Picasso Hoard Couple In Court Over £50m In Undocumented Artworks

The trial opened yesterday of the former handyman of the artist Pablo Picasso and his wife in Paris. They are accused of stealing 271 artworks by the 20th century master. The horde included paintings, lithographs, watercolours and sketches executed between 1900 and 1932.

Pierre and Danielle Le Guennec have stated that the works of art were gifted to them in exchange for their loyalty and for work carried out in the 1970s. The 80m euro (£50m) gift was presented to them by Picasso’s second wife Jacqueline. The Picasso estate has shed doubt on their  account calling it “ridiculous” and are suing them for the illegal possession of the art.

The foundation is run by Picasso’s son Claude who has said his father would “never” have given such a large quantity of works to anyone. He told  a French daily newspaper: “That doesn’t stand up. These works were part of his life.”

If found guilty by the court a prison sentence will be the outcome for the elderly couple. The  Le Guennec’s insist that he and his wife Danielle were given 180 lithographs, collages and paintings and 91 drawings in 1970 by the artist’s then-wife, Jacqueline. He claims she gave him the works in a closed box containing the works, saying: “Here, it’s for you. Take it home”. The art has never been displayed in public before and were kept intact in a locked garage until 2010 when the couple unaware of the value asked the Picasso Foundation for help in authentication the works.Le Guennec traveled by train with a suitcase to Paris with the treasures unveiling them to a shocked assistant at the foundation who expected that the works would be fakes. However within days of Picasso art experts ascertaining  the works as real, the police arrested the couple at their home in Mouans Sartoux, near Cannes on suspicion of receiving stolen goods.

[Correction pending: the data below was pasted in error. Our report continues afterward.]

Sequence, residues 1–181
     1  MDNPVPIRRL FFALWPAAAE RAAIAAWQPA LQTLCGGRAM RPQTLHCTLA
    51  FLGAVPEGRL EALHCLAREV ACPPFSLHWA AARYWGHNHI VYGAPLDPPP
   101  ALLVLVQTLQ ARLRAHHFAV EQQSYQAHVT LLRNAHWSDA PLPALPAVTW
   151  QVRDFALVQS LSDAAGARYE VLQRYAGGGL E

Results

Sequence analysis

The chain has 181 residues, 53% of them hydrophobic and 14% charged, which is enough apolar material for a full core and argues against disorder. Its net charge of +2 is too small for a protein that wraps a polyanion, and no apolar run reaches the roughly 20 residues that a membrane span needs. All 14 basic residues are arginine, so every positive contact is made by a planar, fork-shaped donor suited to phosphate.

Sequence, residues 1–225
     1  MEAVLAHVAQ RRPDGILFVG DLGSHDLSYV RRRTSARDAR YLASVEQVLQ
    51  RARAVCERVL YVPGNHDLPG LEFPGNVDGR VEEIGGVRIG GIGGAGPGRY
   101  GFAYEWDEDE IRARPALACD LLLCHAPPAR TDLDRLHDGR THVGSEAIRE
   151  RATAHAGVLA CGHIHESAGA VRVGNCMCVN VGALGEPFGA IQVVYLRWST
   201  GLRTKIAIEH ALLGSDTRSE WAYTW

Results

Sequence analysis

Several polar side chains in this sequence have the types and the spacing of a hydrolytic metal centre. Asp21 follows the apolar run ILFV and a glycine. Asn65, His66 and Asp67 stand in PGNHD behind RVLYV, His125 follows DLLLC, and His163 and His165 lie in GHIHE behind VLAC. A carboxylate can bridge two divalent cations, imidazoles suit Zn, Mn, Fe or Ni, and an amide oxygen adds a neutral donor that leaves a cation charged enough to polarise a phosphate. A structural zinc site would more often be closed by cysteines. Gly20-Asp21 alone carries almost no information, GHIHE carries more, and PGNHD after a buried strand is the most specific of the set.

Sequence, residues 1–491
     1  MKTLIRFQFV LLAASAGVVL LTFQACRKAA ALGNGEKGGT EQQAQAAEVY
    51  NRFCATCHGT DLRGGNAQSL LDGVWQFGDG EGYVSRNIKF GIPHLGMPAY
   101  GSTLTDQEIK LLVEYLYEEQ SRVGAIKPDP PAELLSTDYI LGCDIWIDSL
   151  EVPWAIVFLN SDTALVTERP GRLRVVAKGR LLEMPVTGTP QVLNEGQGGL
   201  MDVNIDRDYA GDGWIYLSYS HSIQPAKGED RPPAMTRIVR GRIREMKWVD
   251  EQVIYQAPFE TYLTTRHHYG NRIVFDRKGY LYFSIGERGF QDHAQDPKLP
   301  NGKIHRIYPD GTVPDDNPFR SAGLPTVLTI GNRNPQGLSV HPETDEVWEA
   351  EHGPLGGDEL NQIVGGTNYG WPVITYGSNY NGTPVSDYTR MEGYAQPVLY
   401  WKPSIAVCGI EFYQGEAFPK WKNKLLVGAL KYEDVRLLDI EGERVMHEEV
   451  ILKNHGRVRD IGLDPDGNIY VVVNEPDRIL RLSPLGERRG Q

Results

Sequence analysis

Nine cubist works and a Blue Period watercolour believed to be valued at 30m euro (£24.5m) alone. A portrait of Picasso’s first wife Olga, and several gouaches and lithographs are also in the hoard. If convicted, the couple could be jailed for up to five years with an added fine of 375,000 Euro (£278,000) fine for receiving and keeping stolen goods.

Related Posts

London Art Fair: Celebrating 30 years - 17-21 January 2017 - Book Now
Rainsongs, the new book by Sue Hubbard, out now
Claudio Crismani in concert - 25 January 2018, 6:30pm / St Stephen Walbrook
Open Source Salon with Hauser and Wirth - A new monthly discussion group
Advertise your next show on Artlyst from £200 per week